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Super low ROI in Birmingham City Centre?


Lllena

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Hello there

 

I am thinking of purchasing my first BTL property in Birmingham and would appreciate some input. 

 

I wanted to buy in the city centre (B16) because I expect house prices to rise  in the long term due to the various regeneration projects .  My focus is on capital growth, although I know I should not count on it.  At the same time I know I should not settle with an ROI that is too low as I need some margin to avoid a negative ROI.

 

Having crunched the numbers on my chosen property, I realised to my surprise that the the ROI is very low - 3.81% if I buy it personally (1.34% after tax!) and 1.37% if I use a limited company. 

 

Here are the figures, on the basis of a personal loan:

 

Achievable price

£185,000 (Asking price is £195,000)

 

Income    
Monthly rent    £875 
Annual rent    £10,500

 

One-off Cost    
30% deposit at max price    £55,500
Solicitors fees & disbursements    £1,972
Stamp duty    £6,750
Broker fees    £495
Mortgage fee    £995
Survey    £600
Travels    £100
Refurbishment    £8,000
   
Total    £74,412

 

Recurring Cost    
Service Charge    £1,646
Ground Rent    £150
Letting Agent Fees    £1,050
Repairs    £438
Interest (assume 2.71% p.a.)    £3,509
Void    £875
  
Total    £7,668
 

Yield    
Gross yield    5.68%
Net yield    1.53%
ROI before tax    3.81%

ROI after tax 1.34%

 

What are your thoughts about the numbers?  Do you think it would be sensible at all to proceed with this deal?  Or is investing in the city centre a bad idea to start with?   

 

This is a typical property in the area with a typical price and typical rent.  So if this one does not work out, I wonder how any other investments in the city centre could.  

 

I look forward to your replies! Thank you.

 

 

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Hi Lllena

 

People invest for different reasons, so what might be one person's poison might be another's medicine!

 

You mention that you are primarily interested in capital growth, so investing in Birmingham city centre, with it's regeneration, HS2 and general population and employment factors does suggest that might be a decent bet...but it is still a bet as you identify.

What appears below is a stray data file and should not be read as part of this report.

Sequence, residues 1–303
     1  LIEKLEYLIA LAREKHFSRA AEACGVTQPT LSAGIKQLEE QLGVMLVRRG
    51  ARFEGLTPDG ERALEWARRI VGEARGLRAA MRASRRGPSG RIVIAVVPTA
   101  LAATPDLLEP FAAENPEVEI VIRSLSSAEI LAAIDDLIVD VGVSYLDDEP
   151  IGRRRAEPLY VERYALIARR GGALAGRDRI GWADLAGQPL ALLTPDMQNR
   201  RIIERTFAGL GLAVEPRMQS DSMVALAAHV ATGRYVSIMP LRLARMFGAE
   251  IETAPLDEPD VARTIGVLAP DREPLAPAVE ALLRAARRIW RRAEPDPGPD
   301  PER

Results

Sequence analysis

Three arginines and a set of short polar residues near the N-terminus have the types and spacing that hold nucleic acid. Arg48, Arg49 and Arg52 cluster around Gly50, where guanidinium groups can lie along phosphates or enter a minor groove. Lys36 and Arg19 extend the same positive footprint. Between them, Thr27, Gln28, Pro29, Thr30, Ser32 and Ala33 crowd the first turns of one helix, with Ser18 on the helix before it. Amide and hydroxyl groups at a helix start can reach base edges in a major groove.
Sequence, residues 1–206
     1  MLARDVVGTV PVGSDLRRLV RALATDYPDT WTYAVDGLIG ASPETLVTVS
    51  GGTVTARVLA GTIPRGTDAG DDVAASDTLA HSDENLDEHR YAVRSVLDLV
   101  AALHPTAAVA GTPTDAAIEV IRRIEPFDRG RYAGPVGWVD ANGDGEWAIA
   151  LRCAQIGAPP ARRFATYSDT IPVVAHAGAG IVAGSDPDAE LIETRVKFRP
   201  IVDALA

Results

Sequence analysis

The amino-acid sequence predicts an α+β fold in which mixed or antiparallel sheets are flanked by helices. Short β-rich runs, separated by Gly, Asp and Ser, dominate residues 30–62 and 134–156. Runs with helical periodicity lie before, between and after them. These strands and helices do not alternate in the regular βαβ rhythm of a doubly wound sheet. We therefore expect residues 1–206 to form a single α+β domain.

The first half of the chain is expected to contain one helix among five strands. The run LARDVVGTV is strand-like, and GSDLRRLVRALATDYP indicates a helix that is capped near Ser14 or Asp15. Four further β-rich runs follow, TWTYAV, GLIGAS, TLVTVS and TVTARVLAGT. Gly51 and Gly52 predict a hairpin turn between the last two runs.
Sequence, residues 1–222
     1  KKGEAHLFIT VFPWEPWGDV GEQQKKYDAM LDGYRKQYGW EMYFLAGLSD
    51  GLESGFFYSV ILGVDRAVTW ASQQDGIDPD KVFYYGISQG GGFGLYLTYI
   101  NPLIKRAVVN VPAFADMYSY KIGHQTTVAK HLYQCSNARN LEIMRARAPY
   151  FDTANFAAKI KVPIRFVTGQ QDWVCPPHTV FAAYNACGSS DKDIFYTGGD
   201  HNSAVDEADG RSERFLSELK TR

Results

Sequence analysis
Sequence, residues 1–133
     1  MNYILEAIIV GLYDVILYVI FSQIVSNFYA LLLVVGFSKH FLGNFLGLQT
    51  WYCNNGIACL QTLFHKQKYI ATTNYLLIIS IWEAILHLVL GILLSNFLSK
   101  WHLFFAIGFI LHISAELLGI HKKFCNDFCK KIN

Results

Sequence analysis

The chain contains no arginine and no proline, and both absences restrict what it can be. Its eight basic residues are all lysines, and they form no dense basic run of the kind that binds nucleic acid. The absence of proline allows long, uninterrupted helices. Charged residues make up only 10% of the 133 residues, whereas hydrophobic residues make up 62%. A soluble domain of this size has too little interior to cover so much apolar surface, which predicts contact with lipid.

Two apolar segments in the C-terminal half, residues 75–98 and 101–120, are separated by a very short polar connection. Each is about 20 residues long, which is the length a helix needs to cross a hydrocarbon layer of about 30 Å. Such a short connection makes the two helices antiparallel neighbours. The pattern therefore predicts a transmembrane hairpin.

Personally, I prefer to have higher returns on my investment from an income point of view, although smack in the city centre with a swish apartment is unlikely to generate that, unless I can add a spin on it in some way.

 

In your case, whilst there are one or two assumptions that could be flexed (you did not mention insurance and compliance costs such as gas safety certificates and the repairs cost is a tad low, even with a flat), there are a couple of things that stand out. The service charge is high, certainly relative to the rent at something like 17% of the rent (when including ground rent), which is a pretty big bite. Then, you are budgeting £8k on refurbishment costs, which will bring your ROI down UNLESS that puts the rent up OR allows you to add value / equity, which you can extract so leaving a higher ROI on your cash left in.

 

So, buy a flat with a lower service charge, spend less on the refurb, perhaps put in only 25% deposit and that will help the numbers a little.

 

However, you can also buy a 3-bedroom house around that area for similar or even less money, take this one for example: http://www.rightmove.co.uk/property-for-sale/property-70497980.html with an asking price of £190k and a rental comparison is around £850 a month. A light decoration might be all you need, although no photos of kitchen and bathroom on this particular one might suggest otherwise! But you get the picture hopefully. 

 

With a house, you will need to up the maintenance / repairs budget a bit more compared to a flat, but you eliminate the service charge and ground rent. If you can avoid or significantly reduce the refurb spend OR add enough equity to refinance and pull that money out again later, then that will also help. This is known as BRR, or buy-refurb-refinance and is a value-adding strategy that I personally favour. You could also consider a small house-share to up the rents on this particular one ;)

 

Hopefully, some food for thought there for you there, but if you want some further guidance, please get in touch.

 

Best

Richard

Richard W J Brown a.k.a. The Property Voice

Property Investment Strategist

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